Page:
In a news release issued Monday, MedMen said that it will use “commercially reasonable efforts” to transition licenses to a third party if it is unable to gain regulatory approvals within a two-year time span, with proceeds going to the company and its investors.

Founded in 2014 in Oak Park, Ill., PharmaCann was one of the five original organizations registered to operate grow sites and retail stores in New York, which went live with its medical marijuana program in January 2016.

The firm quickly became a major player in the industry, and today is considered one of the nation’s leading providers of medical cannabis with operations in Illinois, New York, Maryland and Massachusetts, and planned expansions in Michigan, Ohio, Pennsylvania and Virginia.

Its facilities in New York include a cultivation center in Orange County and dispensaries in Albany, the Bronx, and Central and Western New York.

MedMen, meanwhile, had become a major player of its own, primarily out west, selling both recreational and medical marijuana. It entered the New York market last year when it bought out Bloomfield Industries, one of five original organizations licensed to operate in the state.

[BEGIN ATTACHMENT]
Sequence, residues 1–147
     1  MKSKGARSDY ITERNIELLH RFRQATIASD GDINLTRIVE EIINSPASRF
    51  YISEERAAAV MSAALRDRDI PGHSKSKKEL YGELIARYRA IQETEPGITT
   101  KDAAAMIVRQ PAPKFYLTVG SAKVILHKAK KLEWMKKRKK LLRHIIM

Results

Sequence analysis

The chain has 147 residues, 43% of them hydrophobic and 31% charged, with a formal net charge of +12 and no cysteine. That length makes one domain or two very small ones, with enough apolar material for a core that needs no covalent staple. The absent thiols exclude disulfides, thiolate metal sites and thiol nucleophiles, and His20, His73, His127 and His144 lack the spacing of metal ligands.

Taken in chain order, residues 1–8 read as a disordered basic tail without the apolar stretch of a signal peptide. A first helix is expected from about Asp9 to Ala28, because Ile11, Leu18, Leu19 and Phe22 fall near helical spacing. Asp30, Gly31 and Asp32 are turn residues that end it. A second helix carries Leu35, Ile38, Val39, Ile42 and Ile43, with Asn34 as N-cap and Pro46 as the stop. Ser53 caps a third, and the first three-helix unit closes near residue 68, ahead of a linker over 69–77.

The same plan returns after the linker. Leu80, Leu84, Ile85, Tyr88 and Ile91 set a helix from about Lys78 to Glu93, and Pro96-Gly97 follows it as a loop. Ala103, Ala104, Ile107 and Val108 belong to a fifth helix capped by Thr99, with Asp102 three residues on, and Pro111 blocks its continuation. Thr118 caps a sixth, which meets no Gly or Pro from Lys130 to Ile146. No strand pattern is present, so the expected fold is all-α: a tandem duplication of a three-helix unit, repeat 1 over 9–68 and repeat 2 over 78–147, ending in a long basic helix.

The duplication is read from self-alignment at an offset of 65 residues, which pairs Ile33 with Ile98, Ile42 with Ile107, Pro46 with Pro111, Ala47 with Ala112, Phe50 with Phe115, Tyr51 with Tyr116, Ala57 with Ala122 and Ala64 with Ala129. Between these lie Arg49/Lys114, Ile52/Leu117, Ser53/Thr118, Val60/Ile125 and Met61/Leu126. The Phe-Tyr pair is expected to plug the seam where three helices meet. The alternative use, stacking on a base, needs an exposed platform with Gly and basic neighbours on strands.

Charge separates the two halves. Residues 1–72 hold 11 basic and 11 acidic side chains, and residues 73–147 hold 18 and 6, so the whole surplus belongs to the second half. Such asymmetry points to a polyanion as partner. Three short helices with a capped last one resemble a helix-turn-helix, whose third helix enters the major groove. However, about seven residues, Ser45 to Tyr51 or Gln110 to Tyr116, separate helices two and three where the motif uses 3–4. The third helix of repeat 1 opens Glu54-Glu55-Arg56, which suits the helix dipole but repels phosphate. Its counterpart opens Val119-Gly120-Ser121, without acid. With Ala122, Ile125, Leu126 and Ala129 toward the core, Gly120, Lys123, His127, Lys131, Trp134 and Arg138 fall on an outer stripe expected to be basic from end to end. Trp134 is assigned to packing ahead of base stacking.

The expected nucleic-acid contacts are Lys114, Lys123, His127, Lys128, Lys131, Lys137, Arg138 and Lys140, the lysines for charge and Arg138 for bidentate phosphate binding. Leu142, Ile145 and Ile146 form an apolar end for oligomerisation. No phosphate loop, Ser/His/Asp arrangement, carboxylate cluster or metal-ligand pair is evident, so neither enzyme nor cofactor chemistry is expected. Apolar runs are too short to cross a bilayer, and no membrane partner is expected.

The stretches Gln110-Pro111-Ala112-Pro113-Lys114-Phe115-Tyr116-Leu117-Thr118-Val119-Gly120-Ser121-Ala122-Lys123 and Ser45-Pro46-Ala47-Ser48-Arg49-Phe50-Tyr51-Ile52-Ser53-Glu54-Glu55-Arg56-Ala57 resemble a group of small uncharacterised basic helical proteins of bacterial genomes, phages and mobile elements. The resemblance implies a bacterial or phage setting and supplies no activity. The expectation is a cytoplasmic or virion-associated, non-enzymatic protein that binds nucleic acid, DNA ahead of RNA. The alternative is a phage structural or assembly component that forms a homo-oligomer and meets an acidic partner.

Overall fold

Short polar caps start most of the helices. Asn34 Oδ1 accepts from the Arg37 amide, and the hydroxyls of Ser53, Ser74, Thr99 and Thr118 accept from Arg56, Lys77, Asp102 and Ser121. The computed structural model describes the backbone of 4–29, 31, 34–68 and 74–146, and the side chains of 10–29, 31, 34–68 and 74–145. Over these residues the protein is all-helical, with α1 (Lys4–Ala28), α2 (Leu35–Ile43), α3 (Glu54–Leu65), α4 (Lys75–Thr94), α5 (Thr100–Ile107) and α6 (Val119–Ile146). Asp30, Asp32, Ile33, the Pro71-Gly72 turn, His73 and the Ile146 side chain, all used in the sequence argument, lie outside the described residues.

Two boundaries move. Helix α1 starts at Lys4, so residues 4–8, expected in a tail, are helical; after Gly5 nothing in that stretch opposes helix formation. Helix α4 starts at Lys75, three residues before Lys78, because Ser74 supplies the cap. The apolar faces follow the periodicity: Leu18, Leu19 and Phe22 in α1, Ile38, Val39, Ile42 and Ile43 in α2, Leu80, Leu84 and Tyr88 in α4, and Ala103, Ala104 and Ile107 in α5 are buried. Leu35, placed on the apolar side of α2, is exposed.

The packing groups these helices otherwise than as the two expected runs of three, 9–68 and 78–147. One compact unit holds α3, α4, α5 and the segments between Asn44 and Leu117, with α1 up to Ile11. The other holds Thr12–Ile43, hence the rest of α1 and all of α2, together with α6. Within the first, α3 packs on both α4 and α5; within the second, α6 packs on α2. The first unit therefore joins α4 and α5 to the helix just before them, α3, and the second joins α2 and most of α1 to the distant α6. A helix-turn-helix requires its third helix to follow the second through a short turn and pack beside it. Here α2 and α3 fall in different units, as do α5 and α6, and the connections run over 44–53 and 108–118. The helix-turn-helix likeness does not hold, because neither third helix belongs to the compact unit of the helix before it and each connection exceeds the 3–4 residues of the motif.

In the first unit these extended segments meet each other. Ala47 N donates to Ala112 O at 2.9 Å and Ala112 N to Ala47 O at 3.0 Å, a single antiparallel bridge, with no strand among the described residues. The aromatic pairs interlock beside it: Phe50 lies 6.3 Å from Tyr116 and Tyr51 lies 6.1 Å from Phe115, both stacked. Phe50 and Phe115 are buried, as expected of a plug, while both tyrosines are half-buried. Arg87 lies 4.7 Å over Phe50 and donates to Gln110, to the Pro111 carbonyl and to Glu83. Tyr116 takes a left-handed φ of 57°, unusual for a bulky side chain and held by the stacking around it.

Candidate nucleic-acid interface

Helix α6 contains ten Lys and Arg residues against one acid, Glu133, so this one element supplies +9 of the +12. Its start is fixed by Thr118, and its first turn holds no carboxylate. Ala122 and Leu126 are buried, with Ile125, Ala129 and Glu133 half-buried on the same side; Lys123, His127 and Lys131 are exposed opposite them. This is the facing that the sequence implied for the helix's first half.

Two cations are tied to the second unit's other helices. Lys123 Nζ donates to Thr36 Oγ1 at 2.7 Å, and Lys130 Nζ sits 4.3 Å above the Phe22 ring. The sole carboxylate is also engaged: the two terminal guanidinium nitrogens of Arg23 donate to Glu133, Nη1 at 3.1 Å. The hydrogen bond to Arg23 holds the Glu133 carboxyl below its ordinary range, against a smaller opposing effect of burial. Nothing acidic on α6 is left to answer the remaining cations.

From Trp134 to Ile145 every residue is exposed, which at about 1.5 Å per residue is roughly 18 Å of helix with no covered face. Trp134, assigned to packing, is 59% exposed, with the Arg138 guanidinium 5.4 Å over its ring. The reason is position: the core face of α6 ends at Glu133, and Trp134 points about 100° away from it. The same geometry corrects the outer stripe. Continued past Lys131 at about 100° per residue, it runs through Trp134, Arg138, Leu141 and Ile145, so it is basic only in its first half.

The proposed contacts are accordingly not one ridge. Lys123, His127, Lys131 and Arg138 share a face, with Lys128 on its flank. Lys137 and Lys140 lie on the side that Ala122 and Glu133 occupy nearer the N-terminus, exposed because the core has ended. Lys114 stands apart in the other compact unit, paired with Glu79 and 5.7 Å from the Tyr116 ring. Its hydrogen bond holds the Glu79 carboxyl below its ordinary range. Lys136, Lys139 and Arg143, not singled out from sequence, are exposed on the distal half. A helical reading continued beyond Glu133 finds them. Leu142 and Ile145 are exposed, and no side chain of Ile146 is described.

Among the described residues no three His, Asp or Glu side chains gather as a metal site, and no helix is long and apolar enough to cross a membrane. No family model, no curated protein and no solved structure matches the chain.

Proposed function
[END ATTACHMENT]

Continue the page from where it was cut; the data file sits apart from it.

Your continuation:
But it didn’t garner much attention until this past spring, when MedMen opened its first dispensary in Manhattan on pricey Fifth Avenue. The move appeared to be a gamble that New York would soon legalize recreational marijuana, since the state’s tightly regulated medical marijuana program is small by industry standards and unlikely to generate sizable revenues without significant expansion.

Indeed, New York appears poised to jump on the recreational bandwagon. Gov. Andrew M. Cuomo in January ordered a study into a regulated, adult-use program, and by June the Department of Health concluded such a program would have more positives than negatives.

A task force is currently researching and crafting legislation for consideration in the upcoming 2019 legislative session, and public hearings on the matter are being held statewide.

MedMen said Monday that it has consistently advocated for full legalization of marijuana, as well as an increase in the number of licenses and dispensaries.

“We believe that legal, regulated cannabis leads to safer, healthier and happier communities,” Yi said.

Original Article at https://www.timesunion.com/news/article/Will-mega-marijuana-deal-get-approval-in-New-York-13311377.php